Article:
How We Grow In Faith

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How We Grow In Faith

Deacon Bill Stimpson

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Years ago (plus twenty-five) I gave a homily on how faith develops. Faith development follows a consistent pattern, human experience leads to discernment; discernment leads to decision and decision leads to faith in action. This pattern is consistent throughout the Scriptures. After Mass, a middle-aged couple came up to me and challenged my homily. They argued that Faith comes through reading the Catechism. Before I could ask them for more clarification about their position on faith development, they had walked away. I was left to presume more than I should need to, but I would suggest, that this couple was raised and educated under the influences of the Baltimore Catechism. The Baltimore Catechism, the oldest living Catholic catechism in the United States was centered on a dialogue format – One is asked a question and one gives the “right” answer. The format was easy because it was designed for children. In the early stages of learning, most children learn through memorization. The short coming of the Baltimore Catechism was that it had no “adult” companion to explain in greater detail how the Teachings of the Church came about, and a more in-depth journey into the significance and nuance of a particular teaching.

In our modern culture, there are many people of all age groups who will not simply take something as fact based upon one person’s say so (politics aside). This is a good thing (even in politics), to be somewhat skeptical of what we are told. Asking “Why?” is not a bad question if we really want an answer. If we only want an argument, then asking “Why?”; is pointless, we aren’t really listening to an answer, just mentally preparing a rebuttal. For the young, it is sufficient to teach responses to questions. As people grow older, they need to develop a deeper understanding into just how a teaching came to be. In today’s world; “Because Father said so!” or “Because Sister said so!” is not enough. We are far better educated than the people of the sixteenth century, we cannot effectively promote the faith of the Church, devoid of understanding. The Teachings of the Church, her Doctrines, are the result of a process of discernment, they are a synopsis, a summary of all the theological debates, the history that defined the teaching or doctrine.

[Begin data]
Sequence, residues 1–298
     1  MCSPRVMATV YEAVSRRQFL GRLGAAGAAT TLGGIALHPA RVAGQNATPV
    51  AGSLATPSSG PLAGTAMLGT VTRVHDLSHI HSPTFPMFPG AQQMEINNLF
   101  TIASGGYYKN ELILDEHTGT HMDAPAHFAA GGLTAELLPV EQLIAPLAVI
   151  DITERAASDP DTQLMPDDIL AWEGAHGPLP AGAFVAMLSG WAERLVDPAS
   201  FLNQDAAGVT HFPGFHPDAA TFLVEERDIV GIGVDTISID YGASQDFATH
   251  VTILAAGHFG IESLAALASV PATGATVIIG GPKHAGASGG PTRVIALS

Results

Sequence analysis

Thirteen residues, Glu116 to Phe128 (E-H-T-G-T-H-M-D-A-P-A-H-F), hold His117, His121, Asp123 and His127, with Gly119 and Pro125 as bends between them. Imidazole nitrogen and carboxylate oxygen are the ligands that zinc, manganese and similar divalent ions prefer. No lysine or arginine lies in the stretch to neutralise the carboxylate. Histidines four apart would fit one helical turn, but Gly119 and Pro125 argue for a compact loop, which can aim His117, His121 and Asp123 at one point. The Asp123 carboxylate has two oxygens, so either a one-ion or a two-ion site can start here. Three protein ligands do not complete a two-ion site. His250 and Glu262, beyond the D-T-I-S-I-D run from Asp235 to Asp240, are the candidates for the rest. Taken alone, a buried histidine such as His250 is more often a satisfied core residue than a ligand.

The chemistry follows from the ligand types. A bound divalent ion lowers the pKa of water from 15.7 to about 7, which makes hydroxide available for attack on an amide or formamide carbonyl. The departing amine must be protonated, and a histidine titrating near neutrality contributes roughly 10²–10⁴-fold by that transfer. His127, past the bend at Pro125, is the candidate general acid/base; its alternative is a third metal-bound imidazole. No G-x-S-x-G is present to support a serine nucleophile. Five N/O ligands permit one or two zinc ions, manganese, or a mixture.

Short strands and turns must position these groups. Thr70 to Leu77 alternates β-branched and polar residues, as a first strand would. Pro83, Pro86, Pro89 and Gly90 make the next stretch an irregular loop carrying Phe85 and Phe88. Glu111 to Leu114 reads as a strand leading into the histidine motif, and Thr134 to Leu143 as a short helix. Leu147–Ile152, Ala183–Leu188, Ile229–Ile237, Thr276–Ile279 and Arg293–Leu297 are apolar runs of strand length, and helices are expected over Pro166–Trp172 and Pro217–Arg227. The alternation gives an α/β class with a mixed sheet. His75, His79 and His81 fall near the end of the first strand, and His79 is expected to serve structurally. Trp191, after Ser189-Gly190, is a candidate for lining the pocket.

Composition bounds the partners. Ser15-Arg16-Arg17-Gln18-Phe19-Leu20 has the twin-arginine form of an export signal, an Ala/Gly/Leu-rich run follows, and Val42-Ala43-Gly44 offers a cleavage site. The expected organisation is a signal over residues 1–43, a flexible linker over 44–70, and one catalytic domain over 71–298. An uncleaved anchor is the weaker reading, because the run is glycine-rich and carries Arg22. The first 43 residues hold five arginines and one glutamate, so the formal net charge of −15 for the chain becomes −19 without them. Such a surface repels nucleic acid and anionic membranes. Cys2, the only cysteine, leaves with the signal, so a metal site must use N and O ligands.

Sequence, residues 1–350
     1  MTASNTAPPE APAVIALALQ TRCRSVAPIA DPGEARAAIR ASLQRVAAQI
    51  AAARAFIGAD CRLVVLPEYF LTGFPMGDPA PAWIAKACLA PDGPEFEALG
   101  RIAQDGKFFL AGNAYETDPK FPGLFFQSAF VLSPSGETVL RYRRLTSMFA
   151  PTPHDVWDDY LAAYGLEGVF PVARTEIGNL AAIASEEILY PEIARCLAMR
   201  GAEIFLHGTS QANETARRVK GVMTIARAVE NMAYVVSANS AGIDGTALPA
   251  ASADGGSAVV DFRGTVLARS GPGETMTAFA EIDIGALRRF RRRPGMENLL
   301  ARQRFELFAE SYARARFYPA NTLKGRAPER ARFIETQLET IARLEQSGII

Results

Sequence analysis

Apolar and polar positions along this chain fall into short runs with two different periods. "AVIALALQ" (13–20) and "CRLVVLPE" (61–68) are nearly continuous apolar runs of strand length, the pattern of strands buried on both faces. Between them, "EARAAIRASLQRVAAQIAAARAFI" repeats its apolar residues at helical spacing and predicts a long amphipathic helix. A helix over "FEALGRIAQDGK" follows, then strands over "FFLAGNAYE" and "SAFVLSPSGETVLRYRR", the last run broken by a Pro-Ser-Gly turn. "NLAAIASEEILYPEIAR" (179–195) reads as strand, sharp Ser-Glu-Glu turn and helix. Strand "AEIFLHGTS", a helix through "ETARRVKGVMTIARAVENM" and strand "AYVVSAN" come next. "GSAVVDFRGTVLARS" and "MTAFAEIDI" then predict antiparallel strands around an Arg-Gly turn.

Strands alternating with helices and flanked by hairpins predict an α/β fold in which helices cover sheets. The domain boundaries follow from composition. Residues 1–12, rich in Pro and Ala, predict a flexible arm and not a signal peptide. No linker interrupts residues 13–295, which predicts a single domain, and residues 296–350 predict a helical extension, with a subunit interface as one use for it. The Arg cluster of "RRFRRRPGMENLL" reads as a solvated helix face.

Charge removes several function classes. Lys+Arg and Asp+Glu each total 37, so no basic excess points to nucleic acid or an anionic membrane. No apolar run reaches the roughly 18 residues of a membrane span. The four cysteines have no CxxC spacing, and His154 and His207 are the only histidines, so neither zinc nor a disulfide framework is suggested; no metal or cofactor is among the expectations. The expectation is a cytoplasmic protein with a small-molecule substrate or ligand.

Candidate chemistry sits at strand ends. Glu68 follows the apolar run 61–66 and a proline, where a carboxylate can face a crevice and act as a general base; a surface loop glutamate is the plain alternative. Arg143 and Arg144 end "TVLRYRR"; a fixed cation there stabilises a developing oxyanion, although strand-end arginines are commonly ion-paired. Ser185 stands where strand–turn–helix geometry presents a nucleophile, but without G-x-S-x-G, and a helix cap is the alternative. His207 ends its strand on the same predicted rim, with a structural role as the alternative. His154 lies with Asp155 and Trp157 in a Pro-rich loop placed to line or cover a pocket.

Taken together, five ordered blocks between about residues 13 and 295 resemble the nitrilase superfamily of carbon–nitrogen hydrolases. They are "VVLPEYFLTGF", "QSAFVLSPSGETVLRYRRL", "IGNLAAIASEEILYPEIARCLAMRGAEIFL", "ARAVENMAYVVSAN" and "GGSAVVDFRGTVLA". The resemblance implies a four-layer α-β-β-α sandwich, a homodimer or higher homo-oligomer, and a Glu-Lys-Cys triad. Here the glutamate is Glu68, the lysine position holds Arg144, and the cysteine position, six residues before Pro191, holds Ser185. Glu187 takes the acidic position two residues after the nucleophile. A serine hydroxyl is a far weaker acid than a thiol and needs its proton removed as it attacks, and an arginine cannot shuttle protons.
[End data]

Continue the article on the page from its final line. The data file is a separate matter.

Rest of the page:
At the core of every teaching of the Church is Sacred Scripture. Sacred Scripture did not come to us as some finished work; a work without struggle and interpretation. With very few exceptions, the Scriptures were written by authors other than the participants of any particular Bible story. The stories were passed from one generation to the next through a recital of the Sacred Stories. (Note: Before a Sacred Story could be told, it must be absolutely memorized verbatim. There was no tolerance for – “As I recall…”.) The Scriptures come to us via a process of human experience with the divine, discerned and decided toward an action. In reading the story of Abram (Abraham) in Genesis 12 through 22, it would be difficult not to see how through one human experience after another, reflected upon through divine intervention, that Abraham (Abram) was willing to sacrifice his only son Isaac. Faith, the faith Abraham had did not come through any catechism, it came by way of experience, reflection and decision that lead to actions.

The ultimate goal of Christian education should go far beyond statements of beliefs, rote prayers, names and dates. The ultimate goal of Christian education is two-fold; to effectively transmit the Christ Ethic – Love God and Love Neighbor – to the hearts and souls of the faithful[1]; and to promote the understanding that Christian education does not end. The Christian evangelist is most effective when they are able to defend their beliefs against the criticisms and denials of the non-believer. The goal of Catechists is to prepare the faithful to become effective evangelists. The process begins by taking the human experiences and explaining them in a Christian perspective. Explanations lead to understanding, and understanding sustains beliefs. As the understanding is broadened, and deepened, faith is fortified. With a strong and vibrant faith, we can share with others the power God has given us to combat the evil in our own thoughts, words and actions. It is the strength of our faith that determines more correctly the effectiveness of our evangelization.

[1] Compendium of the Social Doctrine of the Church, Pontifical Council for Justice and Peace, USCCB  pp 229-232